The EU-UK Trade and Cooperation Agreement (TCA), which came into effect on 1 January 2021, continues to be the basis on which much of UK-EU trade, at least for goods, is now conducted.

The TCA has been criticised in some quarters for adding too many new costs and requirements for traders, but the EU’s vice-president Maroš Šefčovič, who leads the bloc’s negotiations with the UK, has been clear that the deal will not be re-opened until 2026. Both major political parties in the UK have also ruled out the UK re-joining the EU single market or customs union.

So how can UK-EU trade conditions be improved in the meantime? Are there agreements outside of the TCA or elements of the TCA that can be renegotiated or improved?”

Source: The Institute of Export & International Trade


8. Brexit and Scotland: June 2023 update

“The International Monetary Fund said of the UK economy, “investment has been weaker since 2016, labour market flexibility has come down, and the intensity of trade of the UK with the EU has come down … all of these factors are in line with a weakening economy.” The UK has experienced the slowest growth in export volumes in the G7 since Brexit, and the trade in some goods has actually shrunk. For example, between 2019 and 2022 exports to the EU of fruit and vegetables fell 38%, clothes fell 33%, and footwear fell 45%.

EU markets are completely closed to some of our key products. Pre-Brexit, Scottish producers sold 20,000 tonnes of seed potatoes to EU customers each year. That trade has now collapsed.

Forty four per cent of businesses in Scotland facing difficulties trading overseas named Brexit as the main cause. Scottish firms trying to export to Europe face significant additional costs and bureaucracy, at a time when their margins are already being squeezed. Our prized seafood industry has been hit with an estimated 50% increase in the cost of packaging items sent to the EU, and new Export Health Certificates are costing the salmon sector alone approximately £1.3 million per year.”

Source: The Scottish Government


Food Export News

9. NPA highlights concern over lack of UK trade plans in the event of an African swine fever outbreak

“The NPA has raised concerns in Parliament over the UK’s lack of preparedness for an African swine fever (ASF) outbreak in terms of the impact on the vital pork export market.

The All-Party Parliamentary Group (APPG) for Eggs, Pigs and Poultry last week held a panel event in Parliament on ‘Disease Preparedness: Safeguarding the UK’s Food Security’. The event was hosted by the APPG chair, Jim Shannon MP (DUP, Strangford), and chaired by NFU deputy president Tom Bradshaw. They were joined on the panel by Gordon Hickman, head of exotic disease control at Defra, as well as other industry representatives.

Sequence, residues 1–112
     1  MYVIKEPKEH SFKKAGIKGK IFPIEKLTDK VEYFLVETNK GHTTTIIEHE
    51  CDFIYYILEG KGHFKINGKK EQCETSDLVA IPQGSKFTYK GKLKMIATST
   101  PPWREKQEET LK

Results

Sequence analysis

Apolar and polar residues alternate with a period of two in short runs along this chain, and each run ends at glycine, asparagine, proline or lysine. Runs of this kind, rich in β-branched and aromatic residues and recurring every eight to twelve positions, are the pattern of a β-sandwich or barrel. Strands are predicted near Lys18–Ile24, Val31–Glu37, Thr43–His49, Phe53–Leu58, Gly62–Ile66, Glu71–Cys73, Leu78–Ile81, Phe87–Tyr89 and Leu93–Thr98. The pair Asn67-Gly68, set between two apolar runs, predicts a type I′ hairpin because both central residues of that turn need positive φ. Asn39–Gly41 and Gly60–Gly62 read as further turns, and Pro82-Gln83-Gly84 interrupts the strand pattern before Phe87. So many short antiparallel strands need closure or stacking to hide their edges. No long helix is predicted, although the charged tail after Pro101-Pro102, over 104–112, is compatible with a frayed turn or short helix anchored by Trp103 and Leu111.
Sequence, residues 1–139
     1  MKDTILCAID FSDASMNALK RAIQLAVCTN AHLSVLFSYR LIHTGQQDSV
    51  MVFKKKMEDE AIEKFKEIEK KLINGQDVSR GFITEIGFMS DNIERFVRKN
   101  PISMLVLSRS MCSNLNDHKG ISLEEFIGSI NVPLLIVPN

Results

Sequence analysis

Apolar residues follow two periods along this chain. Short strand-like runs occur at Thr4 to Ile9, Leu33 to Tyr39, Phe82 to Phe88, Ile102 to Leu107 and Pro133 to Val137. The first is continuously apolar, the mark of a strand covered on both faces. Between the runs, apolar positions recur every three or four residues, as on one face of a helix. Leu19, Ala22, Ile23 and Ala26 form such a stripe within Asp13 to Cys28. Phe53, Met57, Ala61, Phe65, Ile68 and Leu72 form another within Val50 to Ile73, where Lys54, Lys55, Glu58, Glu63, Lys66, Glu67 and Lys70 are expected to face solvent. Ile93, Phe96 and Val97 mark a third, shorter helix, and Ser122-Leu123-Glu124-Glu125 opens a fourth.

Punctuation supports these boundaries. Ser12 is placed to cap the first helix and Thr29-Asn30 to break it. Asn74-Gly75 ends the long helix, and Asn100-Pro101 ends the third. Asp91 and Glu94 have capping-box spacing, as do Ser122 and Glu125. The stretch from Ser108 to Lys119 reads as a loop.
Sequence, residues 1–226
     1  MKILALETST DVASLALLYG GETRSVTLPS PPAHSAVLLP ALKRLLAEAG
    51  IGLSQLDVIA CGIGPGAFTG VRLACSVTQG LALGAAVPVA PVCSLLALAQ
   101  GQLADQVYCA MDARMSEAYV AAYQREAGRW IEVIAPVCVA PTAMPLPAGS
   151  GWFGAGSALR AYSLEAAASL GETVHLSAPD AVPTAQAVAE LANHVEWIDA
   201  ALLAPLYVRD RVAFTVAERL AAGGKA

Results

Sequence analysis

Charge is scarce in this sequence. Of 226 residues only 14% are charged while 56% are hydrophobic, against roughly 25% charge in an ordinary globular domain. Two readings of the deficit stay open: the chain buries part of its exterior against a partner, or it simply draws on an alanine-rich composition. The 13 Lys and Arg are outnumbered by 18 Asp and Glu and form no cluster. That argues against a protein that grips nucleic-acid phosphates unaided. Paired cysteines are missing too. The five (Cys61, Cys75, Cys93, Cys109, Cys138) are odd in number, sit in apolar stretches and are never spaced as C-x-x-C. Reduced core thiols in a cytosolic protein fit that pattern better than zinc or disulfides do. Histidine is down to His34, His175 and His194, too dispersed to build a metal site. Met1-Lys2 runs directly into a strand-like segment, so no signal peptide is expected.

Defra Minister for Biosecurity and Borders, Lord Benyon, delivered the opening speech, reaffirming the Government’s commitment to preventing biosecurity disasters. Other points of discussion included the barriers to vaccines, trade implications and practical implications for farmers, according to NPA senior policy adviser Charlie Dewhirst, who attended the event.”

Source: Pig World


10. Businesses urged to build on meat and dairy export success

“The rallying call came from AHDB Chair Nicholas Saphir, with global meat consumption expected to grow by 1.8% and fresh dairy product consumption by 2.53% from 2023 to 2024. UK red meat exports hit record levels in 2022 with a value of £1.7bn, and the dairy sector achieving a similar level.

Speaking at the AHDB Export Conference at Butchers’ Hall in London, Mr Saphir said: “Our exporters and colleagues in Government should be congratulated on the fabulous job done in driving export growth for UK agri-food which is reflected in the figures from 2022 that speak for themselves.

“It is, however, imperative to maintain the momentum and build on this success. With the anticipated growth in global meat and dairy consumption, now is a pivotal moment for more UK exporters to seize on the export opportunities presented.”

Source: AHDB